Nigel Slater the food writer is a big thing in Britain. He is “a most highly regarded and best loved food writer and television personality.” He’s a nobody in the US. Most movies are only 90 minutes, so while the wife was out shopping for Thanksgiving (I offered to go) I watched this random free English movie set in Wolverhampton, England taking place during the messed up, and it really needed to change, 1960’s.
A newcomer, Oscar Kennedy plays Nigel as an eleven-year old for ¾ of the movie. Freddie Highmore (TV’s Bates Motel, The Good Doctor) plays Nigel at seventeen during the last 30 minutes of the movie.
Nigel’s perfect, but ill Mom can’t cook so she boils vegetables in the can for dinner. When things don’t work out she makes toast, which is the only thing Nigel likes, “Once you’ve bitten through that crusty surface to the soft dough underneath ‘and taste the warm, salty butter, you’re lost forever.” That’s about the only pleasant line in the movie.
Dad is a disgustingly horrid 60’s Ogre and keeps calling Nigel stupid. After Mom leaves – a sad Christmas scene – Dad starts ogling the housekeeper, and eventually Mrs. Potter (Helen Bonham Carter) “…scrubs, polishes, and bleaches her way into their lives.”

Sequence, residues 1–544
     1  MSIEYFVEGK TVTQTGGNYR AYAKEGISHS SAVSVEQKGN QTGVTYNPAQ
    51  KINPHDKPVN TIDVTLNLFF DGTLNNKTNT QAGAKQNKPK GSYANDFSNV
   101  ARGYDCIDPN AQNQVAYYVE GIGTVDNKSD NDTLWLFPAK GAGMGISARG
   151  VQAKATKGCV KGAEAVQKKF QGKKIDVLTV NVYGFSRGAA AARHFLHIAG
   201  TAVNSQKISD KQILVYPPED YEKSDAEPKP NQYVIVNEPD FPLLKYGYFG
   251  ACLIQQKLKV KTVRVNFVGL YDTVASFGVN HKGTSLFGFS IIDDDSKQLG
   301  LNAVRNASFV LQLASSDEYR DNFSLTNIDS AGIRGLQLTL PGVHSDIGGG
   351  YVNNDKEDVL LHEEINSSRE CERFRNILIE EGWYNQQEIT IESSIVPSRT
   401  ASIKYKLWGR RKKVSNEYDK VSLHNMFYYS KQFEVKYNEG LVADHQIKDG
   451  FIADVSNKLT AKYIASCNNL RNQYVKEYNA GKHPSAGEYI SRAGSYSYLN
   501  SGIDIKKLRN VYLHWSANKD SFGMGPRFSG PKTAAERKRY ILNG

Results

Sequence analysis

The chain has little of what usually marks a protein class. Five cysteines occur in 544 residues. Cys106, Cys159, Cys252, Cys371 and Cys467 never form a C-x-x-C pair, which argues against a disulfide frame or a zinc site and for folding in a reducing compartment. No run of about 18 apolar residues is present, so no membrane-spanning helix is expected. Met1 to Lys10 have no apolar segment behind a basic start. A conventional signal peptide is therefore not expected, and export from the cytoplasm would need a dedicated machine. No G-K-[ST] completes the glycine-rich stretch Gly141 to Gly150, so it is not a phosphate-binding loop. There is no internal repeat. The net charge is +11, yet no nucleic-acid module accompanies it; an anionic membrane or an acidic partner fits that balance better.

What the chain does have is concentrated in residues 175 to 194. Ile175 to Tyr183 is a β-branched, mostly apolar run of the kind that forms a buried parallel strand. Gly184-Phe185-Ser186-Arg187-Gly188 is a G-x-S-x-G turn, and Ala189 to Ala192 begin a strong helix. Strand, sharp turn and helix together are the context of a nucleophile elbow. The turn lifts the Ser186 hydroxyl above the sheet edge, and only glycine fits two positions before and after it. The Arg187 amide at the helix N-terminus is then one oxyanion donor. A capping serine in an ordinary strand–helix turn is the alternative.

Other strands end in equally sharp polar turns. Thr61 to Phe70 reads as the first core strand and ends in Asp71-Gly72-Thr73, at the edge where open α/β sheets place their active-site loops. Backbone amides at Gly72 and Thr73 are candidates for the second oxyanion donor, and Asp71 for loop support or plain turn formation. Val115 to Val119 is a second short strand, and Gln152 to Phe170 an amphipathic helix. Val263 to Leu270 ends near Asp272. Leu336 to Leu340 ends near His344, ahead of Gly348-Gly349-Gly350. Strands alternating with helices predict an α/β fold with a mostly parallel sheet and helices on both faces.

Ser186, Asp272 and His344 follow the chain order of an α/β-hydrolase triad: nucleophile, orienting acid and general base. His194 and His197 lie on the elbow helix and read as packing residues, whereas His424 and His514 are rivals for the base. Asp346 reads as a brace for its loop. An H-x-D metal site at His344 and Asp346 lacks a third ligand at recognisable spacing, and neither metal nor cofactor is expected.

The only interesting or bright spot in this movie is the mean Mrs. Potter, the new step-mother, and Nigel competing to see who can bake the best lemon meringue pie to impress the Dad, although, on second thought, it’s not a bright spot, it’s just more bullying of Nigel.
Nigel’s life keeps getting worse until he meets an older boy who instills a little confidence in Nigel, giving him the idea that he can change his own life.
The actual food writer Nigel Slater was in the last scene – woohoo. The music was mostly Dusty Springfield from the 60’s, a good soundtrack for a mostly sad, no just plain sad movie; unhappy but watchable.
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